The project to redo Broadway Boulevard took a bizarre turn on Wednesday, when Pima County Administrator Chuck Huckelberry lobbed a bombshell at city transportation planners.
In a brief, terse memo, Huckelberry announced that the county might withhold its $25 million contribution to the $71 million project, if the citizens task force now hashing over the design doesn’t stick to notions of a six-lane, median-divided behemoth coursing through the middle of town.
That pretty much scuttles a year’s worth of work by the volunteer task force. Instead of yet another sea of concrete, the task force was compelling a fresh definition of what voters were seeking in 2006, when they approved this project as part of a sweeping, 20-year regional transportation scheme.
As it happens, the vast nature of that plan left out much of the fine print. Such as the fact that the supposed need for widening Broadway to 150 feet is based on 25-year-old, potentially flawed traffic projections. Or that such construction will lead to the demolition of more than 100 homes, businesses and historic properties.
But such out-of-the-box thinking apparently holds little appeal for Huckelberry. “It appears increasingly likely the City of Tucson will choose not to widen the Broadway Boulevard Corridor from Euclid Avenue to Country Club Road,” he wrote in the October 2 memo to county transportation director Priscilla Cornelio. “The County allocated up to $25 million of our Highway User Revenue Fund (HURF) bonds for the Broadway Boulevard widening project. If the City fails to widen Broadway Boulevard to a full six-lane, median-divided roadway, including bike lanes, the City will not be eligible for the County HURF funding allocated to the project.”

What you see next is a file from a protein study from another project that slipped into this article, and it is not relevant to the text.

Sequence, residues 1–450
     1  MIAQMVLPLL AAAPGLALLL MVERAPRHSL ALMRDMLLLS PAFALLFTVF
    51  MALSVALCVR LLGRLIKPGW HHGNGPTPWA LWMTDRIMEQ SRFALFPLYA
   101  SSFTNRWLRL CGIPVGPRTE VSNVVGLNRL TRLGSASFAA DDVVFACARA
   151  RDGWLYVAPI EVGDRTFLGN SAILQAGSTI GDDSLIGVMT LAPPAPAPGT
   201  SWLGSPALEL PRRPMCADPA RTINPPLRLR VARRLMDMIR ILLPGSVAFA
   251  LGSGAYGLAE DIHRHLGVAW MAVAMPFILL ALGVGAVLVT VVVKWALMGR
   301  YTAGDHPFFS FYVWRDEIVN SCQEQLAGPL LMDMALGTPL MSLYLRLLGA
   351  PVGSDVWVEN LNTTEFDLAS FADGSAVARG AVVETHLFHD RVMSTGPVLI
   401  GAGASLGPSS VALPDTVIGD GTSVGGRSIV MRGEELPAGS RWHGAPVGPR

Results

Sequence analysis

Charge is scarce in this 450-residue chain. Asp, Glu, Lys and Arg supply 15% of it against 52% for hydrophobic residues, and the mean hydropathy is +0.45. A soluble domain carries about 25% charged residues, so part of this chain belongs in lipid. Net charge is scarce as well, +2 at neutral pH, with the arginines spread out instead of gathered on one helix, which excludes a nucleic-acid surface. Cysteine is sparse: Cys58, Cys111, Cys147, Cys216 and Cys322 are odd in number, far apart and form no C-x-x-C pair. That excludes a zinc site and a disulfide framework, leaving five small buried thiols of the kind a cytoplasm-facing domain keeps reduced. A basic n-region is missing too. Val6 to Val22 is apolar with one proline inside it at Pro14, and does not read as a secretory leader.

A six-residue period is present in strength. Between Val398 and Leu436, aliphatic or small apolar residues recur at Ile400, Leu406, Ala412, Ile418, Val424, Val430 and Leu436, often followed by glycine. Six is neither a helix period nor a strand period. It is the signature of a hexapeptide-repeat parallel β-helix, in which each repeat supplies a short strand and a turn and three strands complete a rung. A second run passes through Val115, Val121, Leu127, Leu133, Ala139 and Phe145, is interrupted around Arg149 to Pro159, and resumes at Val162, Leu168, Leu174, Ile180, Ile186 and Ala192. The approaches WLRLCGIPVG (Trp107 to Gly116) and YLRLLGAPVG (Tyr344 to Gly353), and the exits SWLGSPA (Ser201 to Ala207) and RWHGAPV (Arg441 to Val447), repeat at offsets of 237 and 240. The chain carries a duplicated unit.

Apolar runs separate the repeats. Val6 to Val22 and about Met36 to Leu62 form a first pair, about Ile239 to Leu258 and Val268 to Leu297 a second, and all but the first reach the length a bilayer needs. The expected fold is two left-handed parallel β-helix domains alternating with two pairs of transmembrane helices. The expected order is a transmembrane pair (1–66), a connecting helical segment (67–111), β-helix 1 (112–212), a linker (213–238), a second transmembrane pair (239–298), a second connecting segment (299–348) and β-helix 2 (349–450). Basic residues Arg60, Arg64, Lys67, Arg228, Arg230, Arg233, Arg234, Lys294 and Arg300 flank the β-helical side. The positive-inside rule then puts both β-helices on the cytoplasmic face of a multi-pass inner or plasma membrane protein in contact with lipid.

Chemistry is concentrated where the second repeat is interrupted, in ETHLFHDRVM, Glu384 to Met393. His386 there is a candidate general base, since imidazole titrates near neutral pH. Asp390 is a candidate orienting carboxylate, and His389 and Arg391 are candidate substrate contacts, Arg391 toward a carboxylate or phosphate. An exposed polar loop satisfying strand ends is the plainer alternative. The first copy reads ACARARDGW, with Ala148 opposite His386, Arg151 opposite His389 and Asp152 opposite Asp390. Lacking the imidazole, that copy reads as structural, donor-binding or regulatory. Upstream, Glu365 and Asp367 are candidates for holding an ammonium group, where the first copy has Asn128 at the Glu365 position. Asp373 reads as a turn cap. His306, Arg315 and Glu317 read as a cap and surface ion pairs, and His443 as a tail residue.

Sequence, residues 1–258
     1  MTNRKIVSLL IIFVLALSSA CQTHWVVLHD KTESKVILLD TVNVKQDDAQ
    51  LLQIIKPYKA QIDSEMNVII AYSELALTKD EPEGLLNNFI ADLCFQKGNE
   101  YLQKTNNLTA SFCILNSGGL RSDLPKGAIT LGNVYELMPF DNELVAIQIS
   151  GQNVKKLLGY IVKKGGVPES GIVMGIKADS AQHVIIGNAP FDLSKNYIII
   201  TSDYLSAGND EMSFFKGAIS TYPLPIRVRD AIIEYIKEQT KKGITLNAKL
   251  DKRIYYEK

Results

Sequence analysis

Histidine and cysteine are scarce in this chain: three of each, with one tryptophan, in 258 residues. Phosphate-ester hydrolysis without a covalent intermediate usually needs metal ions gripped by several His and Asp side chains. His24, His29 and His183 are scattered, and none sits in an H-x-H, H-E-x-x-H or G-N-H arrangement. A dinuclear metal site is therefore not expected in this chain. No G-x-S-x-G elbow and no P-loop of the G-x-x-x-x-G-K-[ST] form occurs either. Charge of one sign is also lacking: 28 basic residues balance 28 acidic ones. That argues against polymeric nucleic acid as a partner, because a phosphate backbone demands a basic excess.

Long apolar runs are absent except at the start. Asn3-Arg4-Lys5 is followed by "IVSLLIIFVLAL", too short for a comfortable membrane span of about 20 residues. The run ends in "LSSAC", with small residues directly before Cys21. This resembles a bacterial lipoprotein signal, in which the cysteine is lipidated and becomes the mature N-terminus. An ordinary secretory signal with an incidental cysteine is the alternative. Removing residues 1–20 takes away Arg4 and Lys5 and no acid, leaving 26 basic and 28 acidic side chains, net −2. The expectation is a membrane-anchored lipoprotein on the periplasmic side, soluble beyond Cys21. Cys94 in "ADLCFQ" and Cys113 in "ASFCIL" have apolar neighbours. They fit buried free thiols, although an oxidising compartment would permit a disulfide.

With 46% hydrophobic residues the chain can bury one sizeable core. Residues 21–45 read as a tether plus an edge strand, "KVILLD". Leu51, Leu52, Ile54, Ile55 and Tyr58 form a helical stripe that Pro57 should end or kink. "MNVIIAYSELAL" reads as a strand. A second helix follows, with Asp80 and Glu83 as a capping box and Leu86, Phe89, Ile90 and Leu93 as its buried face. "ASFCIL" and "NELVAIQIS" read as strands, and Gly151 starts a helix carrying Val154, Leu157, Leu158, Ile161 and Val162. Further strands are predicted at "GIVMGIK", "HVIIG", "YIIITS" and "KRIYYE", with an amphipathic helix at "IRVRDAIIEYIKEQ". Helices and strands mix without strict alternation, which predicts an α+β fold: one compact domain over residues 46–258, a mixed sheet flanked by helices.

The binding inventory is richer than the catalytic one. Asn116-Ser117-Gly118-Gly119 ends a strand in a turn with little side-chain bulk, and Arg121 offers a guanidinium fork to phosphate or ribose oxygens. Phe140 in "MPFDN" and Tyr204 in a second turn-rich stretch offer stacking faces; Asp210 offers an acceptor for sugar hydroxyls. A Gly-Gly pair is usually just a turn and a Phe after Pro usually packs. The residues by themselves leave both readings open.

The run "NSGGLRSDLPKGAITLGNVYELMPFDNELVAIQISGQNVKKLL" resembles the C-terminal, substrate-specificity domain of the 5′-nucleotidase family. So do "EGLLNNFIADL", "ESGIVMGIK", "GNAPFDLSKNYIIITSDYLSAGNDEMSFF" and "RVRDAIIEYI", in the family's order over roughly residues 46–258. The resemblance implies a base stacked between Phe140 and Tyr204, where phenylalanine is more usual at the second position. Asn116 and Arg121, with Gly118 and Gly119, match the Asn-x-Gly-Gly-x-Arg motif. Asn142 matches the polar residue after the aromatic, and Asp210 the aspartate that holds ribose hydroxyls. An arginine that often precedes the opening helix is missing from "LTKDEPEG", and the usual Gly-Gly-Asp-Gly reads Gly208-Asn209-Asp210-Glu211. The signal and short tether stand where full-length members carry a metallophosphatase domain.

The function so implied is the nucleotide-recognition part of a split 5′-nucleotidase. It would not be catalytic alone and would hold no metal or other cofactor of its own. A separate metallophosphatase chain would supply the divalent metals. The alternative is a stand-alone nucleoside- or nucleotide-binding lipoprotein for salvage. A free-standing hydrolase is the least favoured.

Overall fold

Some find it troubling that county allowed the citizens task force to spend a year hashing over quite divergent plans—and watched the city spend hundreds of thousands of dollars on design consultants—before dropping this show-stopping ultimatum.
Among them is City Councilman Steve Kozachik, whose Ward 6 encompasses the project. Kozachik has long argued for a smarter project that spares historic properties. “My concern is about the message this sends to members of the citizens task force,” he says. “These people have been working for over a year now, with the understanding that they had a free swing at the ball. And all of a sudden Huckelberry takes the approach Henry Ford took to cars: ‘You can have whatever color of car you want, as long as its black.’”
Huckelberry didn’t return a phone call seeking comment. But Cornelio says recent rumblings of a shifting Broadway design prompted the memo. “It’s because all of the discussions with the committees have kind of heated up now. I think that’s why now.”
So where does this leave the city and its task force? “I think we would just encourage Pima County, and really everyone in the community, to just let the process continue until its conclusion,” says Assistant City Manager Albert Elias. “And once the citizens task force finishes its work, the City of Tucson, Pima County and the Regional Transportation Authority can find the best way to move forward with the project…We believe we need a recommendation from the citizens task force to make a decision.”
Of course. After all, doesn’t every citizen want to devote two long years to creating a plan that’s DOA?
Yep, sure they do.